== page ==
April 9, 2020 – Due to the continuing popularity of this blog post about Galena since it was written in 2013, I have expanded upon the topic of Galena and Dubuque and have just completed a new book called – Exploring Galena and Dubuque on Foot: By Sidewalk, Stairway, and Path. The book should be available for shipping on April 20, 2020. You can order the book right here on this website. Over time the book will become available at retailers in Galena and Dubuque. Thank you, David Ryan
Galena in the far northwestern corner of Illinois was a boom town during much of the 1840’s and 1850’s. Its economy was based on lead mining and its river port on the Fever River (six miles upriver from its junction with the Mississippi).
By the time Ulysses S. Grant moved to Galena just before the Civil War in 1860, the town was already in decline. (He moved there after a series of personal setbacks to work in his father’s leather business.) As for Galena, the lead mines were playing out; the river port was silting up; and commerce was shifting from river boats to railroads.
The economic stimulus of the Civil War and Ulysses S. Grant’s personal success during the war were not enough to halt Galena’s decline. As a result, its population shrunk and not much happened. Because of this there was no impetus to replace Galena’s 1840s and 1850s buildings with newer and more imposing structures.
150 years later, Galena’s mid-19th Century feel has made it a popular destination for weekend and day trips. With it being less than three hours from Chicago and its many hills, Galena has also become a favored location for second homes. The only drawback, if it can be called that, is that most commerce is oriented to the tourist trade.
Petey and I visited Galena on a cool but sunny Saturday in April. We didn’t go there to check out the shops lining Main Street. We went there to see if public stairways have a role in this very hilly river town.
We found a parking place at the north end of Main Street and started walking south.
As you can see by the number of cars, business must be good on Main Street.
The first stairs we found were on the sidewalk along Perry Street. With its cobblestone pavement, it is now closed to cars. The sidewalk plus the 19 steps took us up to Bench Street.
We continued down Bench Street and at the next street (Hill Street), we saw theses steps at the end of Hill. This stairway has a total of 90 steps.
After climbing the Hill Street steps, we returned to Bench Street and found these stairs at the next cross street (Washington Street) next to the old firehouse. This set of stairs has 156 steps.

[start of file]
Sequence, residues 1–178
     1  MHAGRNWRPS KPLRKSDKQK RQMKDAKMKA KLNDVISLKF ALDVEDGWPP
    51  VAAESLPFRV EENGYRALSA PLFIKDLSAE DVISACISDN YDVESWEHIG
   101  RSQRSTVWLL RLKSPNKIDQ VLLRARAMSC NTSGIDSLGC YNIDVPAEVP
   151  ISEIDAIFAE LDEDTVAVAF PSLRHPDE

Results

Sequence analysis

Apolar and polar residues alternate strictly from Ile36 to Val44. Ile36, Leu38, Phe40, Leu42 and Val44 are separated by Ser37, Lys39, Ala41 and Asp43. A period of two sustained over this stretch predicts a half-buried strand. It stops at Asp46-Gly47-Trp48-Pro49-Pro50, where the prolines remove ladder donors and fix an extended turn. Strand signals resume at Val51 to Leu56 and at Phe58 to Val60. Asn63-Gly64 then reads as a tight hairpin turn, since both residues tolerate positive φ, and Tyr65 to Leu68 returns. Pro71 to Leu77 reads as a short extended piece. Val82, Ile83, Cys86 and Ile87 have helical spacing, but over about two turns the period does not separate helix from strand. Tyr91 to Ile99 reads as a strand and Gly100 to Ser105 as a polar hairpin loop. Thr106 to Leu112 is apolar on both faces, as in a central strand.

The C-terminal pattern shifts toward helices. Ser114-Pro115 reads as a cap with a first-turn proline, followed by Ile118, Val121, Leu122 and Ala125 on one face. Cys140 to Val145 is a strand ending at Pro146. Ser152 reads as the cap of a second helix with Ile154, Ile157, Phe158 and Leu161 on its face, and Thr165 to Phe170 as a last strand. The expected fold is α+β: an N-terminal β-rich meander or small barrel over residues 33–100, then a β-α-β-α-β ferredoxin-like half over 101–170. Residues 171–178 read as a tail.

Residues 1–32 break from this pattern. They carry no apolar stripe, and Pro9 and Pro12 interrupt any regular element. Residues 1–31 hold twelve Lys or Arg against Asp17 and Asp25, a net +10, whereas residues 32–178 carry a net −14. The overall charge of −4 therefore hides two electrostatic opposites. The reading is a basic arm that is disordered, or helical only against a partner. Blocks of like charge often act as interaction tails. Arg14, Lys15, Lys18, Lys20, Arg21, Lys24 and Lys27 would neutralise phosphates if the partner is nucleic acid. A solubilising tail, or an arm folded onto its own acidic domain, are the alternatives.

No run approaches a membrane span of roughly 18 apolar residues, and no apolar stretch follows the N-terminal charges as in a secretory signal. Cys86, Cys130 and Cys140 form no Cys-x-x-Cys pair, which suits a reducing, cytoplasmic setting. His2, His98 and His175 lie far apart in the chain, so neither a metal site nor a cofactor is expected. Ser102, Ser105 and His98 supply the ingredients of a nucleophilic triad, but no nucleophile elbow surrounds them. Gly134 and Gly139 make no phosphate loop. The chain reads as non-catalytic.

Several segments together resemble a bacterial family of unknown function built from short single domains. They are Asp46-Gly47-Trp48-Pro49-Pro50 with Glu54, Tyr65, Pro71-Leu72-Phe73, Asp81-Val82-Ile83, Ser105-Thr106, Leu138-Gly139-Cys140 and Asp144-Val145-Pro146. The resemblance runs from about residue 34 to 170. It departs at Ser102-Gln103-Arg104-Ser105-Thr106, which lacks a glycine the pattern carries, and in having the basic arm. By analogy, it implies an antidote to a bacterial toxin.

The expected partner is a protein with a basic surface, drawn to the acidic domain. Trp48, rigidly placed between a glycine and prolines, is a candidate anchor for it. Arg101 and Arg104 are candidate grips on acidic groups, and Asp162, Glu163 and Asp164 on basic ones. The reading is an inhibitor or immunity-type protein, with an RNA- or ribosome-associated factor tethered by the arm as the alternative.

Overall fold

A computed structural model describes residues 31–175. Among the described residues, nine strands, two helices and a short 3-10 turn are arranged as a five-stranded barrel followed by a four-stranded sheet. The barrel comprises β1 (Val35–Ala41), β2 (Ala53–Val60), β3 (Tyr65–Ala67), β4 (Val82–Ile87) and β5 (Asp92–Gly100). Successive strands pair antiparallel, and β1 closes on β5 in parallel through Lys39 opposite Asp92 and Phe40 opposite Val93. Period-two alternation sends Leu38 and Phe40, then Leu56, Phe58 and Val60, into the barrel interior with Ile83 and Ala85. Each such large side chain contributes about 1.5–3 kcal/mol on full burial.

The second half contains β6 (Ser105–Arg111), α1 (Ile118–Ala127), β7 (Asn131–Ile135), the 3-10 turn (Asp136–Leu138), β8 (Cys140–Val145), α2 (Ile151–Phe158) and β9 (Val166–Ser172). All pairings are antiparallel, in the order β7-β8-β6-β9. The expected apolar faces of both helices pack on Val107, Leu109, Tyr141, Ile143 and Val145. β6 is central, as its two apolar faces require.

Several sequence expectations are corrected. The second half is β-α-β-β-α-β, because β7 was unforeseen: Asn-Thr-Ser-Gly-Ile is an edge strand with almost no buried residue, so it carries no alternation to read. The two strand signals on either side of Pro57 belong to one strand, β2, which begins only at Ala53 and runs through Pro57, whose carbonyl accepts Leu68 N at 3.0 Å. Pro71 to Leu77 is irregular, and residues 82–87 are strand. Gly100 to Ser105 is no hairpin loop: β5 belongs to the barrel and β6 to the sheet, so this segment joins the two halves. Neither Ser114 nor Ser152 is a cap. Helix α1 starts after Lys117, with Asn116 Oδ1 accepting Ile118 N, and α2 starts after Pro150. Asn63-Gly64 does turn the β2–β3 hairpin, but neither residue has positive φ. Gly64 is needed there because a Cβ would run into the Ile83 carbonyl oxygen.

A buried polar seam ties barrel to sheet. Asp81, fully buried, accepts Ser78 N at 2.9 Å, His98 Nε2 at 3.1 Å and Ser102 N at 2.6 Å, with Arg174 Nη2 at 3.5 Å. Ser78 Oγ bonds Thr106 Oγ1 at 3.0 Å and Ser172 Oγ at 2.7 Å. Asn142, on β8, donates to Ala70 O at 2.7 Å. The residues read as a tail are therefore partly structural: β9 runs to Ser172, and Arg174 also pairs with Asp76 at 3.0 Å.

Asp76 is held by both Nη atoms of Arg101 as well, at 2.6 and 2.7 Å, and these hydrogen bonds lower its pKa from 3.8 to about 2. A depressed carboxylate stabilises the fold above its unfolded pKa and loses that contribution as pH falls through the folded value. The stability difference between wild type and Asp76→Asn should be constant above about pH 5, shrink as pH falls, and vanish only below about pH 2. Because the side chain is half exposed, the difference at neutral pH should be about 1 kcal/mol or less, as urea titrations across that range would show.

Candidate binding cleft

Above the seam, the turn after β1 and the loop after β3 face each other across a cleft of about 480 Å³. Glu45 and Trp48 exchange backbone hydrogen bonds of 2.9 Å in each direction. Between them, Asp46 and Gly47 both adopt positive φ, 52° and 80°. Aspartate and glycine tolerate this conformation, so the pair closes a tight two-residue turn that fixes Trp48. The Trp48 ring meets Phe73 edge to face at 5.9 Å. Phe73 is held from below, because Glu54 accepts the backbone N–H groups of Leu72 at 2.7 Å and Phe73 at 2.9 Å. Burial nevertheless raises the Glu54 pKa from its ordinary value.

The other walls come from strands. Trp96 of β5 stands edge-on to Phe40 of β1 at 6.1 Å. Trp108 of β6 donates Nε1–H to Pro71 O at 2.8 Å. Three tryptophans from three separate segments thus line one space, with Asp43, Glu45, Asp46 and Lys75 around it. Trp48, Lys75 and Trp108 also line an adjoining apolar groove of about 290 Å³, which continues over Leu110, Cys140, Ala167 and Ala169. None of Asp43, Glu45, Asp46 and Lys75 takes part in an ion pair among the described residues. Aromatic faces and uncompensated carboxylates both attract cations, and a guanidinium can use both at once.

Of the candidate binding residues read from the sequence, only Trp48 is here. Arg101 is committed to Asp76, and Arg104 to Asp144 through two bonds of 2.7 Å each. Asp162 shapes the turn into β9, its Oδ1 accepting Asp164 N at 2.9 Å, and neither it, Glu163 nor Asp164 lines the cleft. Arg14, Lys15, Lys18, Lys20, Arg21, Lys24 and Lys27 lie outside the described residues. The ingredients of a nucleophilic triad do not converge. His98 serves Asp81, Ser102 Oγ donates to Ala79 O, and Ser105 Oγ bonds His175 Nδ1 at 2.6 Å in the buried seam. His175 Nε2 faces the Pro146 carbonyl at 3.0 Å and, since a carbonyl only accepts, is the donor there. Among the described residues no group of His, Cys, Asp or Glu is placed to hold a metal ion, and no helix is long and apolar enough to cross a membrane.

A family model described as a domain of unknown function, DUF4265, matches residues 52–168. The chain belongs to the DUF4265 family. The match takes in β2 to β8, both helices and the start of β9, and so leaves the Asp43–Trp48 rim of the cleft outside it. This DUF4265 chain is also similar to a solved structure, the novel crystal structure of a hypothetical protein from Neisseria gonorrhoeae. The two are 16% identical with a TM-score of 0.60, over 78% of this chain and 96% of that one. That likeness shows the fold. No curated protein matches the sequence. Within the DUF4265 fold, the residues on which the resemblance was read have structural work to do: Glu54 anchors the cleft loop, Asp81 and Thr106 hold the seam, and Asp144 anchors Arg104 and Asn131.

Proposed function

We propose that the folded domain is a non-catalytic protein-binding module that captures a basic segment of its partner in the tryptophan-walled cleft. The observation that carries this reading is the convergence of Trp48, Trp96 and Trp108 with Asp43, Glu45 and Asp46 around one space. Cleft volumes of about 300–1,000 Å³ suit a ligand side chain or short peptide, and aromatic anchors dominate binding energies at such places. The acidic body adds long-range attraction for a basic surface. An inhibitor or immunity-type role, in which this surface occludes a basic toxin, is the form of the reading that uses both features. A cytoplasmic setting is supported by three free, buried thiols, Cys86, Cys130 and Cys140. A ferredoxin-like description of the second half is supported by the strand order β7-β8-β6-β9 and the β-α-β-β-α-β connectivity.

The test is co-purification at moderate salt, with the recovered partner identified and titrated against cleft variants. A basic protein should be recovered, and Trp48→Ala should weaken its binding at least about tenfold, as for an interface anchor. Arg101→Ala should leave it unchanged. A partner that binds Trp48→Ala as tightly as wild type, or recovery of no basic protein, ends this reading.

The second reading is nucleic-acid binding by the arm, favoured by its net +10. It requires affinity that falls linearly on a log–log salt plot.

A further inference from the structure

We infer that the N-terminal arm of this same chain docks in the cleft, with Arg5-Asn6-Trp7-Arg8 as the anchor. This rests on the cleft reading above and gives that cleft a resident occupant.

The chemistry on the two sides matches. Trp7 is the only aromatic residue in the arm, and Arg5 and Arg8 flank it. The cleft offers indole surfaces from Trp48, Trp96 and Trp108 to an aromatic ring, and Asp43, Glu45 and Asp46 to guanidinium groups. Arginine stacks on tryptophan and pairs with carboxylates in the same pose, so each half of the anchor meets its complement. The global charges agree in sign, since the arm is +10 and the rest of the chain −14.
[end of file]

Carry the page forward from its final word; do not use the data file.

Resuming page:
When we reached the top of the stairs in the previous photo, we came upon another set of stairs with 57 steps to take us to the top. The two stairways have a combined total of 213 steps.
When we got back to the firehouse, we noticed that there were more steps leading back to Main Street. The sidewalk had a total of 37 steps. If you start at Main, it’s 250 steps to the very top.
If you continue down Bench Street you’ll find these stairs at Green Street. It’s 148 steps to the top.
You can also take these newer stairs down to Main. It’s 43 steps down to Main. If you combine the two stairways on Green Street, it’s 191 steps from Main Street to the top.
A little bit further south down Bench Street is this newer stairway connecting Bench and Main. It looks like the City of Galena is using stairs to make it easier for people to park their car on Bench and easily access the shops on Main Street. This stairway has 54 steps.
Although the river is no longer navigable, it still can flood. This flood gate at the south end of Main was built to protect the downtown business district from floods.
Beyond the flood gates are these stairs to the public library. It’s 85 steps to the front door.
The city has built several stairways to a trail on top of the levee that separates downtown from the river. The walking path connects to a footbridge that allows visitors to get to attractions on the other side of the river by foot.
One the attractions on the other side of the river is the Ulysses S. Grant House. The house was a gift to General Grant from the citizens of Galena to thank him for winning the Civil War.
This new stairway with 106 steps connects the Grant House with the pathway and footbridge that leads back to downtown.
While on the other side of the river we did find these ghost steps near Park and Madison Street. It has 154 steps.
We also found this wooden staircase with its 30 steps connecting Third Street with this neighborhood park.
In addition to the stairs there were plenty of great 19th Century houses to check out.
All of the streets made for great walks. Perhaps, if you have the time, you might even find more stairways.
In addition to making every list as one of the country’s great small towns, Galena also qualifies with its several stairways (with four of them being over 100 steps) and walking paths as great place to walk, wander, and explore. Unlike many towns with stairs, Galena is not ignoring its stairs. It has added to its stairway network to encourage people to get out of their car to explore the town on foot.